• Stress incontinence: If you find yourself leaking urine when you laugh, cough, or sneeze, you may be experiencing stress incontinence. This type of incontinence is more common after menopause and childbirth and is related to the weakening of your pelvic floor muscles. Options for treatment may include pelvic floor muscle exercises (the classic Kegel exercises,) medication, the use of a medical device, or surgery.
  • Overactive bladder: If you find yourself urinating often, you may be living with an overactive bladder. Make an appointment with your doctor if you are urinating more than six to eight times a day. They may recommend medications like Myrbetriq (mirabegron) or Gemtesa (vibegron), both approved to treat this disorder.
  • Urge incontinence: Urge incontinence or a "spastic bladder" is related to involuntary bladder muscle contractions. It is most often caused by problems in the peripheral or central nervous system which result in nerve damage. If you notice that you have to urinate quickly when you hear water running, you may be experiencing this type of incontinence. Treatment may include addressing the cause (whether a spinal cord injury, a stroke or other neurological condition) and medications designed to reduce involuntary contractions in your bladder.
  • Transient incontinence: An example of transient incontinence in women after menopause is that associated with a urinary tract infection.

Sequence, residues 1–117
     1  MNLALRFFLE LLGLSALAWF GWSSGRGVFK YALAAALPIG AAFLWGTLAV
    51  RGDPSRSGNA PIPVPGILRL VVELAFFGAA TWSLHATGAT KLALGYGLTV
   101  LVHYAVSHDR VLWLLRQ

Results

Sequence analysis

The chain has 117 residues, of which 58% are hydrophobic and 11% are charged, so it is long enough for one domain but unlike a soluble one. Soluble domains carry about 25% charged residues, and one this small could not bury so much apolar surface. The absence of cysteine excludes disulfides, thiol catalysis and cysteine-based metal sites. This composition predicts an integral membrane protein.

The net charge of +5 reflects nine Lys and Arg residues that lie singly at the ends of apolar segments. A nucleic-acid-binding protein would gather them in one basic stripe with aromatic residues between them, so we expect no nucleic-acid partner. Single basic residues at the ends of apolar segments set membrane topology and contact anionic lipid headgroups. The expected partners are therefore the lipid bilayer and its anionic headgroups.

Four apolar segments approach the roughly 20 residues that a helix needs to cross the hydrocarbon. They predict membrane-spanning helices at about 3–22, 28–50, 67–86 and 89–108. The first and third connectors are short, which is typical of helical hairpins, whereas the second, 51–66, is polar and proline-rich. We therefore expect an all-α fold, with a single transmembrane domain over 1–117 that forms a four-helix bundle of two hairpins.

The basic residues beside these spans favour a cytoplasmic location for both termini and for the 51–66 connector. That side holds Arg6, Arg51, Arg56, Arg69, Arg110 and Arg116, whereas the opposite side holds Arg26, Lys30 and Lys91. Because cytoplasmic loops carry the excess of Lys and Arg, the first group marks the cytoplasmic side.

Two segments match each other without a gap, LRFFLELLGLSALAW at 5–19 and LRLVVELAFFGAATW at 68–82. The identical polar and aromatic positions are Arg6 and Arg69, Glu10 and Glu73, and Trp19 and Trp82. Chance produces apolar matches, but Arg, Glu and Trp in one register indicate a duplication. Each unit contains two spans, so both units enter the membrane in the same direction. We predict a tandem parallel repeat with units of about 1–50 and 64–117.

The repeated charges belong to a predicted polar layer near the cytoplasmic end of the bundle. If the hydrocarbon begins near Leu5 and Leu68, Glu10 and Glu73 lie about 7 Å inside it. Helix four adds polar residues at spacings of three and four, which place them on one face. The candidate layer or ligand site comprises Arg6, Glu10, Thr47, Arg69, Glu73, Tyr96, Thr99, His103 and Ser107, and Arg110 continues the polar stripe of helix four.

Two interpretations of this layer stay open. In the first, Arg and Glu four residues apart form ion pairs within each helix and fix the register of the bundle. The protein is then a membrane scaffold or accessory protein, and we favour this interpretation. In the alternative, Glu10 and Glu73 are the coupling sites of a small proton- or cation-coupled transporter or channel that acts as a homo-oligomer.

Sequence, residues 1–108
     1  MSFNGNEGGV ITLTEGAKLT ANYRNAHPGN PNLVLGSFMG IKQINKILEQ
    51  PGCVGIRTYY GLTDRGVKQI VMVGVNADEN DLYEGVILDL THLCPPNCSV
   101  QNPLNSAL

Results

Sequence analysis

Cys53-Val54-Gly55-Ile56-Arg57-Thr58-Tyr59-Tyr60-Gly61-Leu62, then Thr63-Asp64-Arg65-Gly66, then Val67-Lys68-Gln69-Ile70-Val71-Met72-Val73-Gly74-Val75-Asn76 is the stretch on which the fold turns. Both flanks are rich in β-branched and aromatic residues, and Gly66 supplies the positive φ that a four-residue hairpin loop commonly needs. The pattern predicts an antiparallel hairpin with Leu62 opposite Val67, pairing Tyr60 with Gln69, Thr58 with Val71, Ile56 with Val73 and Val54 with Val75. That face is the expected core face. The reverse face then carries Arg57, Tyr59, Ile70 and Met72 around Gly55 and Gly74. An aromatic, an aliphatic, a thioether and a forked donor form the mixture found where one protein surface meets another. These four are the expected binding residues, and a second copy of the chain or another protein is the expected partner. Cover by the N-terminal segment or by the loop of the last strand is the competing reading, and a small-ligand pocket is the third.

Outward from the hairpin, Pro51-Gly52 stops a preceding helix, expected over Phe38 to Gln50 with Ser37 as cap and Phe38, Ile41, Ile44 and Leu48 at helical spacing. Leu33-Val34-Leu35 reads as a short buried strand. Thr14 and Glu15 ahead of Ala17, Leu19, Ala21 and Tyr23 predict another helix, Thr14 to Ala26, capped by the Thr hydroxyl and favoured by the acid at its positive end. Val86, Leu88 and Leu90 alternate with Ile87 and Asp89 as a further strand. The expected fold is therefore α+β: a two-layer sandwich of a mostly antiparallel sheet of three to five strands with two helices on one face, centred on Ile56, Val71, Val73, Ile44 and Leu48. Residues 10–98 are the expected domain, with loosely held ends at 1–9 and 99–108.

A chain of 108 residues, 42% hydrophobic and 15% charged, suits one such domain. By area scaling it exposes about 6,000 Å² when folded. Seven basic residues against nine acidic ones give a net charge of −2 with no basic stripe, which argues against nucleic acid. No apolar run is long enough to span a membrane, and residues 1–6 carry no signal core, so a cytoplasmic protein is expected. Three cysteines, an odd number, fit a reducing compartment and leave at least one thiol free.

• Overflow incontinence: Much more common in men, overflow incontinence is usually continuous dribbling related to obstruction in the urethra.

Specific treatment for the incontinence you are experiencing will depend on a careful evaluation by your healthcare professional. Pelvic floor muscle exercises can be helpful for stress incontinence, and many gynecologists recommend beginning these exercises before you have a problem.

Managing Urinary Tract Infections

If symptoms such as painful or overly frequent urination occur, as in the case of a urinary tract infection, consult your healthcare provider. Infections are easily treated with antibiotics but often tend to recur. To help prevent these infections, urinate before and after intercourse, make sure your bladder is not full for long periods, drink plenty of fluids, and keep your genital area clean. Douching is not considered to be effective in preventing infection. A vaccine is being developed, which may help prevent recurrent bladder infections.